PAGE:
It has been show that testicular germ cell apoptosis increases in experimental cryptorchidism , local heat stress , immobilisation stress [8–13], vasectomy , ischemia/reperfusion , chronic cigarette smoking  and cisplatin, and chronic alcohol  treatment.
Immobilisation stress decreases the activities of catalase, glutathione peroxidase, glutathione transferase, and glutathione reductase in the interstitium of testes. Stress-induced stimulation of the testicular Nitric Oxide (NO) signaling a pathway that leads to the inhibition of both steroidogenic and antioxidant enzymes .
It is well known that resveratrol had antioxidant activity in the different stress conditions. However, to our the knowledge, there is no study dealing with the relationship between chronic immobilisation stress-induced apoptosis and resveratrol.
In this study we aimed to investigate protective effects of resveratrol, a strong antioxidant, against possible negative effects of chronic immobilisation stress on testes of male rats histochemically, immunohistochemically, ultrastructurally, and biochemically.
2. Materials and Methods
Male Wistar rats, weighing about 200–220 g each, were used in this study. We protected the rights of the animals according to Guide For the Care and Use of Laboratory Animals and received approval from Dokuz Eylul University Local Ethics Committee for Animal Experiments for our experiment. All animals were subjected to the same conditions; they were maintained at constant temperature (21 ± 2°C) and humidity (50 ± 5%) on a 12-hour light/12-hour dark cycle (light on from 07:00–19:00 h). They were housed in plastic cages (seven rats per cage) and fed on standard pellet food and tap water ad-libitum. The animals were divided into four groups (). Group I, control group, was not exposed to stress and allowed to move freely. Group II, stress group, was exposed to chronic immobilization stress. In Group III, low dose resveratrol + stress group, rats were given 10 mg/kg/day resveratrol by intragastric route just before the chronic immobilization stress application. In Group IV, high dose resveratrol + Stress group, rats were given 20 mg/kg/day resveratrol by intragastric route just before the chronic immobilization stress application.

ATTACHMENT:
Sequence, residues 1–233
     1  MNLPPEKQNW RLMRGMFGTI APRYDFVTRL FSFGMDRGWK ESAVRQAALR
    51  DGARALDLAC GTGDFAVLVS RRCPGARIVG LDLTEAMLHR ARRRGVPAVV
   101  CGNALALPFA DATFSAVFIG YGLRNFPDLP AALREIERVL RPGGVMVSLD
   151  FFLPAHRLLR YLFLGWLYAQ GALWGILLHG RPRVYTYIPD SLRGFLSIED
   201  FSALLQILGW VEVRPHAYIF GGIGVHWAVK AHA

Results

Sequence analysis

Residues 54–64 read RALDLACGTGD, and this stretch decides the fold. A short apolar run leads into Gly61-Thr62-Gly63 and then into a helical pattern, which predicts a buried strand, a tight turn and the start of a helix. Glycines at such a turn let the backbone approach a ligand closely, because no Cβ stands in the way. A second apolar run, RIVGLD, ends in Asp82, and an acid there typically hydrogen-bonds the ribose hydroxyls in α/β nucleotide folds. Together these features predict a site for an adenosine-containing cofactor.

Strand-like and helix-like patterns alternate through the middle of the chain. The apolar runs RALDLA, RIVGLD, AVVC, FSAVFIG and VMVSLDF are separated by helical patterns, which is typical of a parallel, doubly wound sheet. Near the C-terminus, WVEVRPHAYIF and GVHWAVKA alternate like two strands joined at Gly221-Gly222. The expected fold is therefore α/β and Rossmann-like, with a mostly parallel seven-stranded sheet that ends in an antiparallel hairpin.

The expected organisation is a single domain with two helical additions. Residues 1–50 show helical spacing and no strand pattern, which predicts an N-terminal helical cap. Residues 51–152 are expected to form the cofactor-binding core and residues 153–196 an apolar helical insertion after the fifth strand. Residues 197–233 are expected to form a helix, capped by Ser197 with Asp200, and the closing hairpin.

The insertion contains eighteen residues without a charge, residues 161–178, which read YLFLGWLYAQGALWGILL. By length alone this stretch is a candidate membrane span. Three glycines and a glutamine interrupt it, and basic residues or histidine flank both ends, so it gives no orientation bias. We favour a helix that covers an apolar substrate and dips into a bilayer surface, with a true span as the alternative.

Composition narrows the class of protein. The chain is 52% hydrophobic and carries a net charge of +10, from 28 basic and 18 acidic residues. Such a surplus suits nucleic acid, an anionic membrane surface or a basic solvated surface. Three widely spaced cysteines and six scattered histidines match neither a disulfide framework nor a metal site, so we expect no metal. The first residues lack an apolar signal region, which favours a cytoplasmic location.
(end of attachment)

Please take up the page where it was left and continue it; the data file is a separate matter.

The animals were immobilized inside plastic tubes dimensioned to produce stress without promoting pain (6 cm in diameter × 15 cm long) for 6 h a day over a period of 32 days. Undesirable stress was avoided as much as possible by gentle handling. The rats in groups III and IV were given resveratrol (Cayman Chemicals, USA) 10 mg/kg/day and 20 mg/kg/day, respectively. For group III 100 mg/kg resveratrol and for group IV 200 mg/kg, resveratrol was dissolved in 100% pure ethanol. All experimental animals were sacrificed 18 hours after the last chronic immobilization stress application by giving ether. The testes were removed and dissected free from adjacent connective tissue. Left testis was put in 10% formaldehyde for three days to be fixed, dehydrated in alcohol, and embedded in paraffin. The 5 μm thick sections were cut onto slides. The slides were stained with hematoxylin-eosin, Masson’s trichrome, periodic acid schiff (PAS) for histochemical and histometric analysis. The Johnson’s testicular biopsy score, basement membrane thickness, and diameter of seminiferous tubule measurements were done for morphometric analysis. For immunohistochemical staining TUNEL and Active Caspase 3 methods were used. A little piece of right testis was fixed with Karnofsky solution for an ultrastructural analysis. The other piece of right testis was used for biochemical tests. Testis was washed with cold normal saline and stored at −80°C. The level of malondialdehyde (MDA) and glutathione (GSH) was measured by using proper kits. The thoracic cavity was opened and blood sample was taken directly from the heart. The sample was taken in a plain vial. Serum was separated by centrifugation and stored at −20°C for testosterone hormone determinations. All the samples were collected in the morning in order to minimize the diurnal variation of testosterone hormone levels. Testosterone estimation was done by ELISA method .